The way you cut an ingredient can change everything about it. This past spring, I went on a snap pea bender in which I obsessively made Melissa Clark’s simple snap pea salad, and slicing whole raw pods really made me appreciate their sweet, juicy and slightly starchy crunch.

If you’ve been prepping an ingredient in the same way for a while, even the smallest deviation can be transformative. Take raw zucchini. I used to drag a vegetable peeler across the length of them to make long, sheer ribbons, which were beautiful, but released so much water, diluting the dressing.

Alexa Weibel’s raw zucchini salad starts with much thicker pieces — batons, she calls them — dressed in a garlicky caper vinaigrette and tossed with pecorino, herbs and chopped almonds. It’s a very small adjustment, but it changes everything: I can make the best of raw zucchini without the immediate sogginess. The salad is great as is, or mixed into some warm pasta or cooked grains dressed with some more olive oil and lemon zest.

And if it’s been a minute, don’t underestimate the power of smashing a few cucumbers on a hot day. Whether you use the side of a cleaver or a thick rolling pin, smack the vegetable so the skin splits and the cucumber breaks up into a few parts, then cut them up to get rough-edged, craggy, satisfying pieces.

You can drain and chill these in the fridge, then dress them simply to make a version of pai huang gua, sometimes translated as smashed cucumber salad, or you can pile them on top of Ali Slagle’s grain salad. And I love this creamy cucumber salad from Superiority Burger, drizzled with spicy honey, which builds on that same technique.

One more idea for you today: Grate your tofu. Unlike cutting it into neat, smooth-edged pieces or even crumbling it in your fingers, a large setting on a grater can turn a block of firm tofu into a really light, fluffy pile of shreds. Let it drain unattended for a while (or press it, if you prefer) and these shreds will sauté beautifully with mushrooms and edamame in Melissa Clark’s quick and very delicious stir-fry.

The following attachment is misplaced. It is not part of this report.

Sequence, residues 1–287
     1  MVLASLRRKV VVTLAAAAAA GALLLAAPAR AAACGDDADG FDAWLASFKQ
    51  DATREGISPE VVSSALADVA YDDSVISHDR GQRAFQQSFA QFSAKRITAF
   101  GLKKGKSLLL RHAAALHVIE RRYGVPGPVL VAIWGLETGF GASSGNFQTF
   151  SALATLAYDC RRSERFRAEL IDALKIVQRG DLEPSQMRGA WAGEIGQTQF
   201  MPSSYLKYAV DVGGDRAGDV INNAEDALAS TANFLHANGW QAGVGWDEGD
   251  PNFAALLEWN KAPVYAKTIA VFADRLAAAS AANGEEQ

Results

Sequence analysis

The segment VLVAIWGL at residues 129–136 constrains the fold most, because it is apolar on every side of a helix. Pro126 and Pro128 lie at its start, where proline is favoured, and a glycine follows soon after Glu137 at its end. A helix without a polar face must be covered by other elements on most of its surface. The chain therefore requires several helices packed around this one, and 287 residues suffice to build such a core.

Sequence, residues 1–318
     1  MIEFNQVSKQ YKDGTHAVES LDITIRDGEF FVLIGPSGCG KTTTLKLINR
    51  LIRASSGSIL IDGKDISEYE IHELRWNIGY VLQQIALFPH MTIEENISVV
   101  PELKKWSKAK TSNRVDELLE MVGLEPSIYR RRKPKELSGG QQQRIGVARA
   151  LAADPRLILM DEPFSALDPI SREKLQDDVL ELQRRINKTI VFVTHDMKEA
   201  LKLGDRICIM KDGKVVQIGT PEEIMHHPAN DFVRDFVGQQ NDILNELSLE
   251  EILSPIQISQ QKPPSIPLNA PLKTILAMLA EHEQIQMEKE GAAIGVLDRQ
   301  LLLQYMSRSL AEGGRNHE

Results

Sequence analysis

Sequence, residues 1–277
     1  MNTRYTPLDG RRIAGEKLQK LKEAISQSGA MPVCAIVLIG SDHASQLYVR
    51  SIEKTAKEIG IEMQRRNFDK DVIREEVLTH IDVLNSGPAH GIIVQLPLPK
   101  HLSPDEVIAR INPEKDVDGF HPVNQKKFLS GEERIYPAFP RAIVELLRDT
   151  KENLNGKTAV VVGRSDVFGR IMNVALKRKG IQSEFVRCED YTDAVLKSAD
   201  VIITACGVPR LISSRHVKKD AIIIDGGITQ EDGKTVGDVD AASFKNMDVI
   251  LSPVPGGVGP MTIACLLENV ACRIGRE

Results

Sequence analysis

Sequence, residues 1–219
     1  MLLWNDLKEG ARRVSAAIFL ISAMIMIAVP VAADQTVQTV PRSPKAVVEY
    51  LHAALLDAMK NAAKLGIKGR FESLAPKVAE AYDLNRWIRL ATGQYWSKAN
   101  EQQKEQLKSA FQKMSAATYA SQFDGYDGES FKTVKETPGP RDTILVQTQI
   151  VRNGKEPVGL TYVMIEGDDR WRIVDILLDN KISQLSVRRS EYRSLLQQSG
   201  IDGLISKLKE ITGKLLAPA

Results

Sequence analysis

Go to the recipe.

I read every single email you send, and after last week’s artichoke-centric newsletter, there were so many about the joys of microwaving artichokes. I’ve never tried the technique (I will, I promise!), but Barbara Kafka walked readers through artichokes steamed in the microwave in her 1987 cookbook, “Microwave Gourmet.” Here are the basics, if you’d like to give it a go with me this week:

Trim a 6- to 8-ounce artichoke. Using a serrated knife, cut the stem off where it meets the artichoke, then cut about 1 inch off the top of the artichoke, getting rid of all those spiky tips. Place the artichoke in a microwave safe bowl with a fitted lid, and cook on high for about 10 minutes. Watch out for the rush of hot steam when you remove the lid! The artichoke is done when you can push a knife tip against its bottom and it gives very easily.

Thanks for reading The Veggie, and see you next week!

Share your feedback.
Tell The New York Times about your experience with this newsletter by answering this survey.

Leave a Reply

Your email address will not be published. Required fields are marked *